Methionine Sharing Experiment

Multiple trials went underway for the growth of empty JT2 in knockout MetE media to definitively confirm that the predicted results occured in regards to CcaS/R JT2 and empty JT2 growth. As the goal of the experiment was to assure that there was no “leaking” of methionine from the CcaS/R JT2 cells when stimulated with methionine production, leaking that could support the growth of another population. The following test matrix was performed to assess the possibilty.

Test Tube # Control Components Results
1 Experimental → M9 - met with CcaS/R JT2 removed (3 mL)
→ Empty JT2 (50 µL)
OD = 0.010
2 Positive → M9 - met with CcaS/R JT2 removed (3 mL)
→ CcaS/R v2.0 JT2 (50 µL)
OD = 0.820
3 Positive → M9 - met with CcaS/R JT2 removed (3 mL)
→ Empty JT2 (50 µL)
→ Met (150 µL)
OD = 0.799
4 Negative → M9 - met with CcaS/R JT2 removed (3 mL) OD = -0.011
5 Negative → Stock M9 - met (3 mL)
→ Met (150 µL)
OD = 0.004
6 Negative → Stock M9 - met (3 mL)
→ Empty JT2 (50 µL)
OD = 0.005
7 Positive → Stock M9 - met (3 mL)
→ Empty JT2 (50 µL)
→ Met (150 µL)
OD - 0.812

In this chart, a negative control refers to an experiment where there was an expectation that there should be no bacterial growth as per our hypothesis, and a positive control denotes an experiment where there should have been growth expected.

As can be seen from the chart, the experimental trial, in which the CcaS/R JT2 strain was grown and removed from the methionine knockout media, had no growth once empty JT2 was introduced into it. This was an encouraging result as it suggested that there was little or no “leaking” of methionine produced by the CcaS/R JT2 during growth into the media, and thus the empty JT2 did not have any means to grow.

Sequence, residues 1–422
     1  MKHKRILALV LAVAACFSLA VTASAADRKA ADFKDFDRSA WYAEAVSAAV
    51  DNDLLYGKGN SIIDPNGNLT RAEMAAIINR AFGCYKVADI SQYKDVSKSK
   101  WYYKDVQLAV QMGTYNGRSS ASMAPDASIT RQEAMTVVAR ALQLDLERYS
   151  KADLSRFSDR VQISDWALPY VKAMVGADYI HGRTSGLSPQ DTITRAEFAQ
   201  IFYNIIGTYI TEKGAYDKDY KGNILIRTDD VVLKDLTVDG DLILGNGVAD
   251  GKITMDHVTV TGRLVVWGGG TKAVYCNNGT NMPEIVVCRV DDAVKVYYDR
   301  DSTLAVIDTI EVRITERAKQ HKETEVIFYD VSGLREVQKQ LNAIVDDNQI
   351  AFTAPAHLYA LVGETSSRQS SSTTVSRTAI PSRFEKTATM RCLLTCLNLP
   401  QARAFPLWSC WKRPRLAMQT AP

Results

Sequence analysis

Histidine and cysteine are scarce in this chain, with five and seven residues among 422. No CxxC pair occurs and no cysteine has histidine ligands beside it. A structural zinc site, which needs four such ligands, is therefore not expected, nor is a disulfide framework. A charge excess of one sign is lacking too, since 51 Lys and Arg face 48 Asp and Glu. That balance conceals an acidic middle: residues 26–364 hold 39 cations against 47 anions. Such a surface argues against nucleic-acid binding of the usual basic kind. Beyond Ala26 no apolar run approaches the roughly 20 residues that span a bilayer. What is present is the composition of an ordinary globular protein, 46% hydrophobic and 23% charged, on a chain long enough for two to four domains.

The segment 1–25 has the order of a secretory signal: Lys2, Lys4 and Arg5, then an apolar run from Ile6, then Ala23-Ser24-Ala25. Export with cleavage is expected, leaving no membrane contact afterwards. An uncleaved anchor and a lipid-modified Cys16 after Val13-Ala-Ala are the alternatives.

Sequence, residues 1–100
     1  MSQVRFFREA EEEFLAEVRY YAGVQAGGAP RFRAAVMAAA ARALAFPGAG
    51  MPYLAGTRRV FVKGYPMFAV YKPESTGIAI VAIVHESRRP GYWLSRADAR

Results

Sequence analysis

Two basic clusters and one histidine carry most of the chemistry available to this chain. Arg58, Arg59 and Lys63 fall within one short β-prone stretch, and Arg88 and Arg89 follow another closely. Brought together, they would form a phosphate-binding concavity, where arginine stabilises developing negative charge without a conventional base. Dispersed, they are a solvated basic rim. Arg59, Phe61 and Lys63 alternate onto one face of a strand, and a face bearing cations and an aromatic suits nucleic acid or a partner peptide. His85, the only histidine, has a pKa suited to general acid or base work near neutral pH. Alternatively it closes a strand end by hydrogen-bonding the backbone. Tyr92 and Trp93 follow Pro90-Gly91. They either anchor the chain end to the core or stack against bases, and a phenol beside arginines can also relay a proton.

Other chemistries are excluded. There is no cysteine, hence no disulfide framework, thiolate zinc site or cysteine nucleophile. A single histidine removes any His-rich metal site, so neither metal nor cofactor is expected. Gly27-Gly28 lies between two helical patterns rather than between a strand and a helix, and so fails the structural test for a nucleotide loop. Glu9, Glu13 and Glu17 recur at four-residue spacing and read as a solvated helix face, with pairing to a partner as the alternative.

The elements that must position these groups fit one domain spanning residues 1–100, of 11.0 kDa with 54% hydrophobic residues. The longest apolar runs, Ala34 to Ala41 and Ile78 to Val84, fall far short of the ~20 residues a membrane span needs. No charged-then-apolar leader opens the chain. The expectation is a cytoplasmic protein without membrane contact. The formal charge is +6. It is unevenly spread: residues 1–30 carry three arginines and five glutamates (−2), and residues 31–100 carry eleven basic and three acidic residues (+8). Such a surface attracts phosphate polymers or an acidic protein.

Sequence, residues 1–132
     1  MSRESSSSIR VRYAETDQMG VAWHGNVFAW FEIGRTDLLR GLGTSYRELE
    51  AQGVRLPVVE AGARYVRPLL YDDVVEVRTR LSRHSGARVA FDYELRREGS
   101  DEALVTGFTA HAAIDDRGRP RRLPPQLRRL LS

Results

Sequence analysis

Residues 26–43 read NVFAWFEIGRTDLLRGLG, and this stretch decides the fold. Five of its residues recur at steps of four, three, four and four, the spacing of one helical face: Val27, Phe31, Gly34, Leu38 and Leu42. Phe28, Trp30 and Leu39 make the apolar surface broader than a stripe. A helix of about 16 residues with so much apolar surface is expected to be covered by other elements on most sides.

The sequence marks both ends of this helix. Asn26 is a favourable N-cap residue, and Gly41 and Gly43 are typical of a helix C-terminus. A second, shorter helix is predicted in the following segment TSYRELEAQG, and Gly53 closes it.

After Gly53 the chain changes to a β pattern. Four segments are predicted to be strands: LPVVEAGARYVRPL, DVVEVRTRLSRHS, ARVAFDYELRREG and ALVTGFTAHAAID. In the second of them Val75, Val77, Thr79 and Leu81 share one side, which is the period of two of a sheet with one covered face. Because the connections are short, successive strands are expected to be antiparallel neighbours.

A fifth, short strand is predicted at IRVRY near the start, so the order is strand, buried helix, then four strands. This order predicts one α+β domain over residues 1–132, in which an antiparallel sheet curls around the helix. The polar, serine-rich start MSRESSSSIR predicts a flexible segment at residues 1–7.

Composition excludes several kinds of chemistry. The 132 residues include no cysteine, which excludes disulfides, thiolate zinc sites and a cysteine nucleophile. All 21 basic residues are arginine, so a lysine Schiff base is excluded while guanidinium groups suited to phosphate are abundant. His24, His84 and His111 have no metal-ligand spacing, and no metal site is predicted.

The minor growth of CcaS/R JT2 as a positive in control in trial 2 was expected, and was done to confirm that there would be no adverse factors from the removal of CcaS/R JT2 that were causing the introduced empty JT2 to not be able to grow, and that the composition of the media was static.

Trial 3 showed with the repliaction of experimental conditions and the addition of MetE that the reason that the growth was not happening in experimental conditions was in fact the lack of methionine in the M9 media. This showed growth as expected.

Trial 4 indicated no growth as expected. This was carried out, with the removal of the CcaS/R JT2 and addition of the antibiotic, to confirm that all the bacteria was being taken out and that no other bacterial contamination was what was being seen in the positive control tests that had reported growth.

Trial 5 similarly was carried out with stock M9 to assure no environmental contamination was in the media from the beginning, especially bacteria that required external methionine to grow.

Trial 6 was carried out as a negative control to assure that the stock media itself was not contaminated with any nutrients that could be used by the empty JT2 to grow. This was important as it is possible that trace amounts could have been consumed in the other trials by the CcaS/R JT2 bacteria and thus were not reflected in the experimental trial.

Finally, the 7th trial indicated that the empty JT2 strain that was in this bacteria was healthy and could grow in the desired conditions within the M9 media, with the methionine and the KM from stock solution.

GFP vs Non-Fluorescent Flow Test Experiment

Our comparison of the flow cytometer against pour plating started with a fluorescent and a non-fluorescent culture of roughly the same OD values. Below our initial ODs and results from both the flow cytometer and pour plating.

Fluorescent Non-Fluorescent
Initial OD 0.405 0.430
Flow Cytometer
480nm Laser at 10mW
52% 48%
Pour Plating
Percent total CFU/mL
52% 49%

These results lead us to believe that the flow cytometer is representative of pour plating, indicating that the flow cytometer is most likely capable of giving accurate readings of a 50/50 population of fluorescent/non-fluorescent cells.

MetE Metabolic Load Experiment